CODE

    public interface IDatabaseConnection
    {
        IDatabaseCommand create_command(string sql_statement);
    }
    
    public class DatabaseConnection : IDatabaseConnection
    {
        private readonly IDbConnection connection;
        private readonly IDbTransaction transaction;

        public DatabaseConnection(IDbConnection connection, IDbTransaction transaction)
        {
            this.connection = connection;
            this.transaction = transaction;
        }

        public IDatabaseCommand create_command(string sql_statement)
        {
            var command = connection.CreateCommand();
            command.CommandText = sql_statement;
            command.Transaction = transaction;
            return new DatabaseCommand(command);
        }
    }
DatabaseConnection has one purpose. creating commands. since every command requires a sql statement we require the sql when the command is created. the actual command is created by the underlying connection. attach the command to the transaction and wrap the actual command in our own implementation.

CODE

    public interface IDatabaseCommand : IDisposable
    {
        void add_parameter(DbParameter parameter);
        DataTable find_records();
        void preform_data_altering_query();
        T get_a_specific_value<T>();
    }
    
    public class DatabaseCommand : IDatabaseCommand
    {
        private readonly IDbCommand command;

        public DatabaseCommand(IDbCommand command)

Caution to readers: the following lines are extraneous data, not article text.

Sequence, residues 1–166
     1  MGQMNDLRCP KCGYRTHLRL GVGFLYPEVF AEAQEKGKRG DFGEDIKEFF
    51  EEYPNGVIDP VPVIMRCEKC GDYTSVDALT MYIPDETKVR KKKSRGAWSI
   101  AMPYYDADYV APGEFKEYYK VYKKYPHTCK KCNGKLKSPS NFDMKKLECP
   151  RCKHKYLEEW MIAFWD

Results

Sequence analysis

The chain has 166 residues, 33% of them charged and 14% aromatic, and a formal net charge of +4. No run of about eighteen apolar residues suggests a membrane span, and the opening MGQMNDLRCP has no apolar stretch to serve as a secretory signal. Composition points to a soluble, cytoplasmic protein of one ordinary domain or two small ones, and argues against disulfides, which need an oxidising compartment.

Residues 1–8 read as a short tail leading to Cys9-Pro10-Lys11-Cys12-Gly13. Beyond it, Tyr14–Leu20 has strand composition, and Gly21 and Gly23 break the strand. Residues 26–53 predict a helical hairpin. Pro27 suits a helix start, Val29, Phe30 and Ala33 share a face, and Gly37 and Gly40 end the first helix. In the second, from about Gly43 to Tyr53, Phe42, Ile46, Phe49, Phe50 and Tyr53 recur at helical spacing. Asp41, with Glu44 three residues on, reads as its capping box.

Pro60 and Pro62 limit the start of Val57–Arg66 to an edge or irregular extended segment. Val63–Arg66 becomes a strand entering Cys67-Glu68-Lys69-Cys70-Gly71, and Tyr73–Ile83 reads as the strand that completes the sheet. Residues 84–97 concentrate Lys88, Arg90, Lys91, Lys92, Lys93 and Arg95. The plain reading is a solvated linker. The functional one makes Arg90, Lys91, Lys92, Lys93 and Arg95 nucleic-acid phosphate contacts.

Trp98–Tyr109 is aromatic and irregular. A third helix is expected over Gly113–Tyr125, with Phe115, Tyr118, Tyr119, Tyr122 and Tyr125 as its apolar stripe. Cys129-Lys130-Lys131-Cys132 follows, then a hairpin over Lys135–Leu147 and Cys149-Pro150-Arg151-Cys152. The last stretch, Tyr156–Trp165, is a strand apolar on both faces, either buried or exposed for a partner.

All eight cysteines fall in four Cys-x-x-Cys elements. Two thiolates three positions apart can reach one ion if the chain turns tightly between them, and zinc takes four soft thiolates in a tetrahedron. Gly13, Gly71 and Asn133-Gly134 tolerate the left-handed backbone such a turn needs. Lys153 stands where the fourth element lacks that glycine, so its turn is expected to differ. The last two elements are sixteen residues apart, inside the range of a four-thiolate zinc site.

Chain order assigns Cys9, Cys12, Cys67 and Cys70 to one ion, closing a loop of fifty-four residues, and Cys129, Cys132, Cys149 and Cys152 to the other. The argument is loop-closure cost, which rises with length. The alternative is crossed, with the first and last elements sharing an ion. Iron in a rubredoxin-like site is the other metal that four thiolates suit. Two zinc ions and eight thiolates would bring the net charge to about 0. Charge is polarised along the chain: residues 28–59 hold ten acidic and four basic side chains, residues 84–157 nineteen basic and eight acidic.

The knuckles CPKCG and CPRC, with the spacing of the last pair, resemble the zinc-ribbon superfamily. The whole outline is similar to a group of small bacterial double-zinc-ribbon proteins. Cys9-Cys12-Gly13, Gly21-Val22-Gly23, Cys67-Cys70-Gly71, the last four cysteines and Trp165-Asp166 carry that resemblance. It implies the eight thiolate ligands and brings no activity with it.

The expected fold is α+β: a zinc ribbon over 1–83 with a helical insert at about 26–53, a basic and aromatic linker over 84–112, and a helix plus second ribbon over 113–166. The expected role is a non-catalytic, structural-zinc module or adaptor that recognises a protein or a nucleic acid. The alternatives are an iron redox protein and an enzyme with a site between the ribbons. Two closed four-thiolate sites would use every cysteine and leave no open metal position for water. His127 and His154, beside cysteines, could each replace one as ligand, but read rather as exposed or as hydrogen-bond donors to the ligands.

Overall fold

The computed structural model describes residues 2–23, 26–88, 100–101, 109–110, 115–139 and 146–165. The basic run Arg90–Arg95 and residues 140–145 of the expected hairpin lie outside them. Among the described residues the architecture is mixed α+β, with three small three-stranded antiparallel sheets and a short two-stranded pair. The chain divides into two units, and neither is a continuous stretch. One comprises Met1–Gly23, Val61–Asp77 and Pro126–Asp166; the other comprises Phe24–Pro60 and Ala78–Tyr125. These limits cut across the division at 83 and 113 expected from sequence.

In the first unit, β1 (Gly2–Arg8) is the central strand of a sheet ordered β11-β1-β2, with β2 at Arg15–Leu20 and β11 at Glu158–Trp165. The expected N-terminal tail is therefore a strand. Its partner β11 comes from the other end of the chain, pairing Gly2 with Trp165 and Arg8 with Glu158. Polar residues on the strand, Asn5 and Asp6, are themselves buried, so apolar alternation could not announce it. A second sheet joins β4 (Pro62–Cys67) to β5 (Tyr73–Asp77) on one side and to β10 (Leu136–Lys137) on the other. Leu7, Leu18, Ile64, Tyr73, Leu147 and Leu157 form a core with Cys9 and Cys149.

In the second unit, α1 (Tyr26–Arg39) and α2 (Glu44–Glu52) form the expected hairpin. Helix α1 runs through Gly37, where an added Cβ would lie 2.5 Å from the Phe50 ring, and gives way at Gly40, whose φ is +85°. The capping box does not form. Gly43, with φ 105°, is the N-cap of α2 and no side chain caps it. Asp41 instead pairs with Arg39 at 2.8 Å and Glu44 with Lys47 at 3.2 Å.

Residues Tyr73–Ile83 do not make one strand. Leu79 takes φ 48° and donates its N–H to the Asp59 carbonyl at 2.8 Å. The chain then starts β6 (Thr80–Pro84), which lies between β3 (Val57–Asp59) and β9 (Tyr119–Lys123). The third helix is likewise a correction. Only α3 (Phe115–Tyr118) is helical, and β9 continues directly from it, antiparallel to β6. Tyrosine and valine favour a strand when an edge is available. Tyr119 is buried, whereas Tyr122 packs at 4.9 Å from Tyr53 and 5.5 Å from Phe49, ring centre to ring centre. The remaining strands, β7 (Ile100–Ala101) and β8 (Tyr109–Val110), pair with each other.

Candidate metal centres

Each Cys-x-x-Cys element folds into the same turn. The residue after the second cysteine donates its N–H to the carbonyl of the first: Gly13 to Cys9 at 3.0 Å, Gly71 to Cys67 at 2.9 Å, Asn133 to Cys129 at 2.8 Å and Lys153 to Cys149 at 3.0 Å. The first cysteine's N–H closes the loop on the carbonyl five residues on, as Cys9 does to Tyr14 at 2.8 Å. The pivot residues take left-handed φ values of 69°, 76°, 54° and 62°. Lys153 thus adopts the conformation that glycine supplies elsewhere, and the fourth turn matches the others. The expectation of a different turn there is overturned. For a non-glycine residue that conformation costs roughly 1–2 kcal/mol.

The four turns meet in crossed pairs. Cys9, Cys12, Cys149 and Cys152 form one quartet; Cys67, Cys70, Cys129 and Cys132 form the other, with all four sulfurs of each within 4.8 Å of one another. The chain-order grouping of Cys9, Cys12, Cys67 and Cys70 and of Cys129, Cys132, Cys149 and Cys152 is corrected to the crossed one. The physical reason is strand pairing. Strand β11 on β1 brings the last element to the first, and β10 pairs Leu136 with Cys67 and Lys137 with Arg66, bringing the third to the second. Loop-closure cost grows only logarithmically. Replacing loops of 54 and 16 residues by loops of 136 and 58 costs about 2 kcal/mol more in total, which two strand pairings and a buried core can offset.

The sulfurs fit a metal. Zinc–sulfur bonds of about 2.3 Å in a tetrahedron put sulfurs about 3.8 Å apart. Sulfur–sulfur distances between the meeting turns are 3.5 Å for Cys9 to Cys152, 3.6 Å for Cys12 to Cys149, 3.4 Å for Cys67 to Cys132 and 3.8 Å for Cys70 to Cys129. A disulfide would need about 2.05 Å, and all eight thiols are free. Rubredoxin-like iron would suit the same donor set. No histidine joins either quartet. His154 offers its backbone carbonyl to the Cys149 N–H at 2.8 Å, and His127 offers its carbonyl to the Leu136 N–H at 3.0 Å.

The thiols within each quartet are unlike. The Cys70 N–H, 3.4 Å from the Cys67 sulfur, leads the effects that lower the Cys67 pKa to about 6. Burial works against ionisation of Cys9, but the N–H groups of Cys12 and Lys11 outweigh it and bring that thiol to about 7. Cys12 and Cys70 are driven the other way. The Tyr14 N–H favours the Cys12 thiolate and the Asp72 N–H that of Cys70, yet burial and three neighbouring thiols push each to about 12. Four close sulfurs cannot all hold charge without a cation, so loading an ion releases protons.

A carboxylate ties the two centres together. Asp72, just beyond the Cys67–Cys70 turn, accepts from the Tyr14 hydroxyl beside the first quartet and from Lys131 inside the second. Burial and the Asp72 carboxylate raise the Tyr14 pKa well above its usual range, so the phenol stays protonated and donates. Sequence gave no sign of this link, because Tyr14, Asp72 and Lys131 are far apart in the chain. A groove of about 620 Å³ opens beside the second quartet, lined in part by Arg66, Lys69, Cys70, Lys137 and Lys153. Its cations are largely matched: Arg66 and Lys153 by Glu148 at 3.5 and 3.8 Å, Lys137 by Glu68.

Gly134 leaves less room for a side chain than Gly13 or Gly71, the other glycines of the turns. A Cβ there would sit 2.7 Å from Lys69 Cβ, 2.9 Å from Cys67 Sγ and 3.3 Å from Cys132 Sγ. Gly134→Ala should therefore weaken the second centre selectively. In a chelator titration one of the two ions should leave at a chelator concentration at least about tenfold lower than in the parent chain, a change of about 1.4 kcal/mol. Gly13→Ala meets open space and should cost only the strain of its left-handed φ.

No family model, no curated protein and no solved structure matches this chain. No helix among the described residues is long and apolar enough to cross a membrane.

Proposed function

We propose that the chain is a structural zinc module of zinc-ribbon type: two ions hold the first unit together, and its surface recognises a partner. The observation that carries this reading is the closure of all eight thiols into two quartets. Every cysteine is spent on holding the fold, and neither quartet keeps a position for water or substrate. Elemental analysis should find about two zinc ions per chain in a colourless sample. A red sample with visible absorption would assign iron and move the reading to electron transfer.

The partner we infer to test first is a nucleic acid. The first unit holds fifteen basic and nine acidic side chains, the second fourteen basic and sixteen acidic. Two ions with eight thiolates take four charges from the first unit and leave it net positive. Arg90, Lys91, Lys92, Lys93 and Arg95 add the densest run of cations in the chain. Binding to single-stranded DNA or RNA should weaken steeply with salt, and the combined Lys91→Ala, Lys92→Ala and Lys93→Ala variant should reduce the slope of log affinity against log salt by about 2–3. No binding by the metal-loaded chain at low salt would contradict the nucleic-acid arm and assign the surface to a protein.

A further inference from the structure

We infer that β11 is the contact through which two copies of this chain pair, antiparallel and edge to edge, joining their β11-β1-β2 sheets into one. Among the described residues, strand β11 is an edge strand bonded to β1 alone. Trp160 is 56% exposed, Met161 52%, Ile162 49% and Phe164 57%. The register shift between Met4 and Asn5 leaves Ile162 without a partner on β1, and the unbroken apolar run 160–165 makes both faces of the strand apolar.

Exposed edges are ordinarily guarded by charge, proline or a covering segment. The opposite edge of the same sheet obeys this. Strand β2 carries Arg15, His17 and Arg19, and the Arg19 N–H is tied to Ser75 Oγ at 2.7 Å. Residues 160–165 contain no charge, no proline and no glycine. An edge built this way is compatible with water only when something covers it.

{
            this.command = command;
        }

        public void Dispose()
        {
            command.Dispose();
        }

        public void add_parameter(DbParameter parameter)
        {
            var param = command.CreateParameter();
            param.ParameterName = parameter.name;
            param.Value = parameter.value;
            command.Parameters.Add(param);
        }

        public DataTable find_records()
        {
            var table = new DataTable();
            table.Load(command.ExecuteReader());
            return table;
        }

        public void preform_data_altering_query()
        {
            command.ExecuteNonQuery();
        }

        public T get_a_specific_value<T>()
        {
            var result = command.ExecuteScalar();
            if (result == DBNull.Value) return default(T);
            return (T) result;
        }
    }
DatabaseCommand is responsible for executing the designated operation. This object will
1. translate our DbParameter object to an IDbParameter for the actual command.
2. Load the data from the database into a datatable. This disconnects our database from the rest of the code base.
3. Casts a scalar value from object to the specified type

CODE

    public abstract class DbParameter
    {
        public string name { get; private set; }
        public object value { get; private set; }
        public DbType type { get; private set; }

        protected DbParameter(string name, object value, DbType type)
        {
            this.name = name;
            this.value = value;
            this.type = type;
        }
    }

    public class StringParameter : DbParameter
    {
        public StringParameter(string name, string value)
            :base(name, value, DbType.String)
        {
        }
    }

    public class IntegerParameter : DbParameter
    {
        public IntegerParameter(string name, int value)
            : base(name, value, DbType.Int32)
        {
        }
    }

    public  class LongParameter : DbParameter
    {
        public LongParameter(string name, long value)
            : base(name, value, DbType.Int64)
        {
        }
    }

    public class ShortParameter : DbParameter
    {
        public ShortParameter(string name, short value)
            : base(name, value, DbType.Int16)
        {
        }
    }

    public  class DateTimeParameter : DbParameter
    {
        public DateTimeParameter(string name, DateTime value)
            : base(name, value, DbType.DateTime)